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Tech Take-Apart
Be your own movie producer with iMovie Part 1
by kp

Ahhh...summer. A time of family BBQs, vacations and making home movies to remember it all. With hundreds of hours of video footage to edit, how can you get it onto a DVD? Think iMovie. If you have a Mac with OS X, you are already set. If not, just pick up a copy of iLife '05 that includes both iMovie and iDVD.

Camcorder Ports
Camcorder Ports

The first task is getting the video to iMovie by connecting the camcorder to the computer. To do this, you'll need a Firewire AV cable to act as a bridge to transfer the data to iMovie. Most camcorder manufacturers provide a DV cable with the camcorder or try Belkin's PureAV Digital Camcorder FireWire Cable that works with a camcorder, DVD player and iPod.

Camcorder Menu
Camcorder Menu
The next step is to activate the video streaming from the camcorder to your computer. For example, using a Sony Handycam, set the camcorder to Play/Edit mode, then from the LCD touch panel, go to MENU > EDIT/PLAY > A/V-›DV OUT > ON. Moving over to the computer, start iMovie and select "New Project" from the menu. The Project folder keeps all of your video clips, audio imports and final movie neatly organized in the "Movies" partition of the Mac hard drive by default, but if you have under 10GB of free disk space, switching to another drive is recommended. Before importing clips into the Project folder, rewind the digital cassette, then click the Import button. iMovie operates in real-time, so you can start or stop your recording without having to sequence the timing between the camcorder and the program. You can let iMovie import the clips for you, or you can create your clips by toggling with the controls. Editing the clip length as the video is streaming makes building your final movie easier, particularly if you have specific video footage you want to keep. Plus, this method saves space on your hard disk.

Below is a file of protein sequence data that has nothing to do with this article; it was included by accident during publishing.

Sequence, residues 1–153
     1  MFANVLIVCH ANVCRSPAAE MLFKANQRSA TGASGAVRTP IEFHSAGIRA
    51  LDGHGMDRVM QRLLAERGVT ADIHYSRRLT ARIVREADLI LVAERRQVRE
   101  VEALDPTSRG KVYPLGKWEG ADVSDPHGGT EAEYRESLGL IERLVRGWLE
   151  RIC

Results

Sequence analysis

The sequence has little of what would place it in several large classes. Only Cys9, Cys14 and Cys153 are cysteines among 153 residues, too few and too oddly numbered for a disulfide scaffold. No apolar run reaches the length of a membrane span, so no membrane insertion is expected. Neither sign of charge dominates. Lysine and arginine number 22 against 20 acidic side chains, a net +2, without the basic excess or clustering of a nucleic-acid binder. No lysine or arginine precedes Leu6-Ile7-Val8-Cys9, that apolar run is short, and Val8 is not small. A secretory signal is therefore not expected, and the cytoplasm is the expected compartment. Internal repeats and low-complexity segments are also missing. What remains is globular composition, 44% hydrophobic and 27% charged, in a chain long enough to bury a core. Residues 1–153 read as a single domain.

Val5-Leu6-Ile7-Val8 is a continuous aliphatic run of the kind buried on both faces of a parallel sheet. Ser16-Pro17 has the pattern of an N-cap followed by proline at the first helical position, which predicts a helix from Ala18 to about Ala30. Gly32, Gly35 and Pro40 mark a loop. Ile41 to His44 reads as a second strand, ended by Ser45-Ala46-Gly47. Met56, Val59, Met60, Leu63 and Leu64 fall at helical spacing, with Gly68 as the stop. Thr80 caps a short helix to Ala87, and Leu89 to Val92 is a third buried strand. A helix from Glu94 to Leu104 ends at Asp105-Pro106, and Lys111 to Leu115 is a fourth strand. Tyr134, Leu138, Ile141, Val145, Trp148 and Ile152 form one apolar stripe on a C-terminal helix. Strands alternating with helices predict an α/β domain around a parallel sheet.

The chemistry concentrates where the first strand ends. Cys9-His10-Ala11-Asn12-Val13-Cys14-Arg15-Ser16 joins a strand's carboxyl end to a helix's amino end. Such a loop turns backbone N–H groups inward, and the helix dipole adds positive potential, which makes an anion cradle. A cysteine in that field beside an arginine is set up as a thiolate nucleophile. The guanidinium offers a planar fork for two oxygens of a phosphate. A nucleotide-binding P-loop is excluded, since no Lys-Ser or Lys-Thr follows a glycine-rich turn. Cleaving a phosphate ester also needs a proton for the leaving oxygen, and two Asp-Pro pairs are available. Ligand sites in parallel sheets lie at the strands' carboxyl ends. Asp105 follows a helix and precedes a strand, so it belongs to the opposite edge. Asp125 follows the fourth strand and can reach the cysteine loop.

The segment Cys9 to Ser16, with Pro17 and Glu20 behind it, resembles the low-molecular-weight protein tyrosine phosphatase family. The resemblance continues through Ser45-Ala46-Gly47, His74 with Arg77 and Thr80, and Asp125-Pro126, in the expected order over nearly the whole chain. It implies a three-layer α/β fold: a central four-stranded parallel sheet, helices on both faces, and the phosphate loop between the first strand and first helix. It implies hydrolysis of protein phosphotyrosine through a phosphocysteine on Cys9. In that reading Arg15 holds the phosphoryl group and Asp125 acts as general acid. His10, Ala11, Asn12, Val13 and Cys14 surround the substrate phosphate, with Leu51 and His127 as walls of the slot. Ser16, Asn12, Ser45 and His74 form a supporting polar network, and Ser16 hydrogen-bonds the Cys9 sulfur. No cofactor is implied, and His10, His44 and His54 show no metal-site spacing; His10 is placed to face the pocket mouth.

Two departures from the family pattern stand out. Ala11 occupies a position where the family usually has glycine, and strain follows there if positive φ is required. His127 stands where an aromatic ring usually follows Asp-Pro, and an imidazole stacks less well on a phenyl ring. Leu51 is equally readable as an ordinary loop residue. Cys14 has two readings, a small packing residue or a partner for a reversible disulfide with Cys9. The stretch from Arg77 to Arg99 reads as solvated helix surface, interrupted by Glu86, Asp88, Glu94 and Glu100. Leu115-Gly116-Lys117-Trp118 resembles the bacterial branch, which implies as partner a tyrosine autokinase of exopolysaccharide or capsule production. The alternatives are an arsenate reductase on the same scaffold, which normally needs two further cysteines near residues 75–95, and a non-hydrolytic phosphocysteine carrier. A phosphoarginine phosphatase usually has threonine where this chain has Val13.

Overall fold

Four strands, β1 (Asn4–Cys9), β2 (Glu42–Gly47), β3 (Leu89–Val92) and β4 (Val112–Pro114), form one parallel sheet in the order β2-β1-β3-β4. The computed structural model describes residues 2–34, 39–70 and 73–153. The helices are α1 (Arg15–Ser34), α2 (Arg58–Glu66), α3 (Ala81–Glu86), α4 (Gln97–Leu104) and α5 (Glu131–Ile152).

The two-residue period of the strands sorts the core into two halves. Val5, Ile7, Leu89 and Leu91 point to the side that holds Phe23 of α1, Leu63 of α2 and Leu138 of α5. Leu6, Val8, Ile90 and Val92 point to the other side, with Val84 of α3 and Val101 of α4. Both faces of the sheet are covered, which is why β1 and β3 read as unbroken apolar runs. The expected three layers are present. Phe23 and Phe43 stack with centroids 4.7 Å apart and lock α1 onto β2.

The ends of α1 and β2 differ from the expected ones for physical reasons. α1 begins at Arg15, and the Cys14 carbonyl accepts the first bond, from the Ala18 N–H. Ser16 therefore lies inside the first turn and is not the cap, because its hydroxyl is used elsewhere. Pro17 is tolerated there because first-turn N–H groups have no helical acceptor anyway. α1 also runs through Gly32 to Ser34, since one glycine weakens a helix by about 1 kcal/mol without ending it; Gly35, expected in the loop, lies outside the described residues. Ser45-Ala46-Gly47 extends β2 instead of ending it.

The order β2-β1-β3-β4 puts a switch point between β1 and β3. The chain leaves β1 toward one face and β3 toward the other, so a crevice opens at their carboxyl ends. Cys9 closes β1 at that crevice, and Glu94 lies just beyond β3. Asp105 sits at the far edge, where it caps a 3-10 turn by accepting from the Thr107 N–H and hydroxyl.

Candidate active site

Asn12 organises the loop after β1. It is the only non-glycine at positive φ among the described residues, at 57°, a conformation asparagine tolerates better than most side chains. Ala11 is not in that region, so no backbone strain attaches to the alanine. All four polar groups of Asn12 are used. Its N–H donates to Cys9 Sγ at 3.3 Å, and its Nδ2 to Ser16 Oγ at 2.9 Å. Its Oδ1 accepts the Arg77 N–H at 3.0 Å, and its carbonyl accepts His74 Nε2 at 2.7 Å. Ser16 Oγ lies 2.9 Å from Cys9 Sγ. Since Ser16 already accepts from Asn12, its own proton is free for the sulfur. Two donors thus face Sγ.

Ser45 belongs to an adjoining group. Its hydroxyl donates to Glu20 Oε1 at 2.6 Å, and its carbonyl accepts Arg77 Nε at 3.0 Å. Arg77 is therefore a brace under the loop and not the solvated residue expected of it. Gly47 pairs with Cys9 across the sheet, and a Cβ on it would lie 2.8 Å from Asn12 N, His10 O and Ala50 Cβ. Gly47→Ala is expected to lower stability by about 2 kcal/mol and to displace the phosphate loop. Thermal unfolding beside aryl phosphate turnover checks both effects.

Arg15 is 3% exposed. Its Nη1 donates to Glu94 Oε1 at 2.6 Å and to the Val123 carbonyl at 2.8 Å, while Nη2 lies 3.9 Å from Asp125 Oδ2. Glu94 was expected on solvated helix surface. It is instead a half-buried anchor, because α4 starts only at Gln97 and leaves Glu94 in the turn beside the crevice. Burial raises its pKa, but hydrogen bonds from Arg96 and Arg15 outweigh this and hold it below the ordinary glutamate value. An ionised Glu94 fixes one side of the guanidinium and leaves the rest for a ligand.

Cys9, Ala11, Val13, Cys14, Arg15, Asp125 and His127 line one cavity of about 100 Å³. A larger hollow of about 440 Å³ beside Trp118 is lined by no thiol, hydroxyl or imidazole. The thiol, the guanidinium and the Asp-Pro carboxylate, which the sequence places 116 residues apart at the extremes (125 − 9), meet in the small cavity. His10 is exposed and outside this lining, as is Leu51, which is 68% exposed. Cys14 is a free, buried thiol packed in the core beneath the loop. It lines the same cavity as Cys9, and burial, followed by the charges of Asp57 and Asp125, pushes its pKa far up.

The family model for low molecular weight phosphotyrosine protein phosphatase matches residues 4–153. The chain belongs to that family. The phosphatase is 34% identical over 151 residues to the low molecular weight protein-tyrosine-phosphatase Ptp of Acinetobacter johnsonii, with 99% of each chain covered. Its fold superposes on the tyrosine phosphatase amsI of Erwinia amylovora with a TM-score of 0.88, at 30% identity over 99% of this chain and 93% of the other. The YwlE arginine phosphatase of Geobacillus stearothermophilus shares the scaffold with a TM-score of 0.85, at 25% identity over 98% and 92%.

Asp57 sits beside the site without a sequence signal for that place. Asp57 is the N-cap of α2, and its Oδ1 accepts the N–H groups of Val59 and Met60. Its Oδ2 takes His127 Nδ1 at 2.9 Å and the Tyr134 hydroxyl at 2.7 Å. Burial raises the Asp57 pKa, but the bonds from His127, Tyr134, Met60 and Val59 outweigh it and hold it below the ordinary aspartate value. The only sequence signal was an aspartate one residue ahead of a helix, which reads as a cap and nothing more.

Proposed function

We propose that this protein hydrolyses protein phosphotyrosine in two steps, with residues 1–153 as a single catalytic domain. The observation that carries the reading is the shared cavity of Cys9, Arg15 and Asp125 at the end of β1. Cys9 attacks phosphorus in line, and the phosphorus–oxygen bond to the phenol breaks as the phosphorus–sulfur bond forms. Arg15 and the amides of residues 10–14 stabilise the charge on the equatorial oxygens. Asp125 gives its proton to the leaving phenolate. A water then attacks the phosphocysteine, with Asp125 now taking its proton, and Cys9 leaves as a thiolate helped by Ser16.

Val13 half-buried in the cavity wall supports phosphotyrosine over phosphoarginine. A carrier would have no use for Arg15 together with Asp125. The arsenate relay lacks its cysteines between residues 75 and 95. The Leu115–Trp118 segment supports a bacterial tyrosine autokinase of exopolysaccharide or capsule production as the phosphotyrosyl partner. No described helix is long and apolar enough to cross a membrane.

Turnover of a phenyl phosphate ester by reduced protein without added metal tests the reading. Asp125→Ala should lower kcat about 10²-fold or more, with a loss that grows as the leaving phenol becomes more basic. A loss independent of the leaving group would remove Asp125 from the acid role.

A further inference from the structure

Imported Clips
Imported Clips

Once the importing is complete, it's time to switch to Edit mode (scissors icon) and start pulling the video together using the Viewers. iMovie has two viewing options — the Clip Viewer (film icon) and the Timeline Viewer (clock icon) — which give different editing options and graphical views of your movie. The Clip Viewer is good for preliminary assembly of your clips and to organize them into a sequence; the Timeline Viewer shows intervals of each clip with zoom and volume editing capabilities. After assembling your movie sequence, you can begin adding special effects. iMovie is packed with various effects to customize your movie such as adding titles, photos, music and transitions. For instance, to create a transition between clips, select the "Trans" button, click on two clips while holding down the shift key, choose an effect, then finish by clicking Apply. Follow the same procedure to add Effects to clips and to undo any effect, select the clip, go to Advanced > Restore Clip.

Making video effects and transitions is only the beginning — you can incorporate photos and movie titles too. Utilizing iPhoto, images can be imported into the movie as a separate piece and integrated with transitions. Titles can also be added to either the images or clips by simply choosing a clip and applying the text. Similar to the other effects, titles can be adjusted for speed and direction as they appear in the movie.

Editing Sound
Editing Sound

At this point, your movie may need some additional fine tuning which can be done switching to the Timeline Viewer. This Timeline Viewer shows an extended video layout for zooming into specific areas and editing audio. iMovie uses an non-destructive editing process that preserves the video without permanently modifying the file. To shorten a movie clip or audio track, just grab the end of a clip and pull inward. For editing sound, click on Edit Volume at the bottom of the window and move the slide button across to increase or decrease the movie volume. To add music to the movie soundtrack, click the Audio button to display your iTunes music library. After selecting a track, just drag the audio file to the timeline. iMovie separates the movie audio from imported music so that they can be adjusted independently. By activating Edit Volume feature, a line that represents the volume is placed across the audio tracks and can be used to control the volume of each track. This process is similar to GarageBand by clicking on the line to add a point for volume changes and dragging that point up or down to create a fade in/out. You can also turn an audio track on or off by checking/unchecking the volume boxes to the right of the timeline. Equipped with all of these features, your movie should be ready to go. After saving the project, try viewing your final movie full screen by using the Full-frame mode button to the right of the Play button. The only thing left is preparing your movie for exporting.

Next month, I'll be covering iMovie's exporting features and making a custom DVD movie using iDVD.

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